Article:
What’s New in the World of Science?

By Leong Qi Tyng – Contributing Writer

A new year brings new scientific discoveries. In this article, I summarised a few of the recent discoveries made by researchers around the world. While researching for this topic, I was amazed and excited to find that some of the new studies were published just a week ago!

  1. Trump, the moth
Via Wikipedia
Via Wikipedia

The poor moth was named after Donald Trump, all because it has golden flakes covering its tiny head. The Neopalpa donaldtrumpi was discovered by researcher Vazrick Nazari in California, and is native to southern California and the Mexican region of Baja California. Mr. Nazari hoped by naming the moth after Trump, the president would make the conservation of fragile ecosystems his top priority.

2. Aliens in Australia

Via Wikipedia
Via Wikipedia

Heavy rains in central Australia caused a sudden boom of alien-like creatures; a type of crustacean known as the Shield Shrimp, described by the Telegraph as looking “more like an alien tadpole with double-pronged tail.” One of the species in Australia, the Triops australiensis, is commonly found in the middle of the continent. Its eggs will remain dormant for years until there is significant rain, which will trigger a population explosion, and the eggs can survive for years in the desert clay before hatching. Although not considered a true shrimp, it belongs to a crustacean group known as Branchiopods. This means that they have gill feet: leaf-like and lobed, each bearing a gill plate to enable them to breathe.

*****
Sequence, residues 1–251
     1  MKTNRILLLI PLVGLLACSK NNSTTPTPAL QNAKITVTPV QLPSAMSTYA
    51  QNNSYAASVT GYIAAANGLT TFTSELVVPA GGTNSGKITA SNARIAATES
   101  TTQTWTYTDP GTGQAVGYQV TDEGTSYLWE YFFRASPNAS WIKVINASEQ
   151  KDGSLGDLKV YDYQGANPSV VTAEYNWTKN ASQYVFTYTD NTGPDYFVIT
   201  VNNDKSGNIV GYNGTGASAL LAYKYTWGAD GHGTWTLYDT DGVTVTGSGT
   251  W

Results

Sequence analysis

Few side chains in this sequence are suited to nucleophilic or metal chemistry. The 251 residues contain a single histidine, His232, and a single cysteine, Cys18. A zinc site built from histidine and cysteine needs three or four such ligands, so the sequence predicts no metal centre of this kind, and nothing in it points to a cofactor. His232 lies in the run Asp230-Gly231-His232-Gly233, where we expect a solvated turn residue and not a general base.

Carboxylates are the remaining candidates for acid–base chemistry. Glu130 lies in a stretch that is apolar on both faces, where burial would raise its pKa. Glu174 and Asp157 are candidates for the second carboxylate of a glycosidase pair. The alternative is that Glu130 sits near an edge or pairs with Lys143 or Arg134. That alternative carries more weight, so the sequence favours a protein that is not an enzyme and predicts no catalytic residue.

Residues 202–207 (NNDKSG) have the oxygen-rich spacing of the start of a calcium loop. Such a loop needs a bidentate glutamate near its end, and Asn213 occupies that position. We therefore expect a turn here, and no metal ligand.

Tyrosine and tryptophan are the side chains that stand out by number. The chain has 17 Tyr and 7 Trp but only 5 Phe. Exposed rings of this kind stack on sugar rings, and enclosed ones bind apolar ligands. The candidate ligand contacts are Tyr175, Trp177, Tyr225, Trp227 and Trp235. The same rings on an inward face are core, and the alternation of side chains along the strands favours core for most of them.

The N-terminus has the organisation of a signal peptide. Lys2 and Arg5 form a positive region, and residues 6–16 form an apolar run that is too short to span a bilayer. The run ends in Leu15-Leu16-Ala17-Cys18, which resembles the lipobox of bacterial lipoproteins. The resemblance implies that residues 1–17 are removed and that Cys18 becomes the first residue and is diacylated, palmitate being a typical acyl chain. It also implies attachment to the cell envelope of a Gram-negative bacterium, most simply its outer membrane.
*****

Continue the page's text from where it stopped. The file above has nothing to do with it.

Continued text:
3. What happened to the woolly giants in St Paul Island?

Via Wikipedia
Via Wikipedia

Researchers estimated that mammoths disappeared from North America’s mainland 10000 to 14000 years ago. However, the mammoths on St. Paul Island, Alaska, persisted for millennia after that. The mammoths survived even longer on Wrangel Island, deep in the Russian Arctic, the Wrangel mammoths were alive even as Egypt erected its great pyramids.

St. Paul wasn’t always an island: around 11000 years ago, climate change rose temperatures and made the sea level rise, turning the area into an island over the next 2000 years. This trapped the mammoths and the isolation protected the mammoths for a while.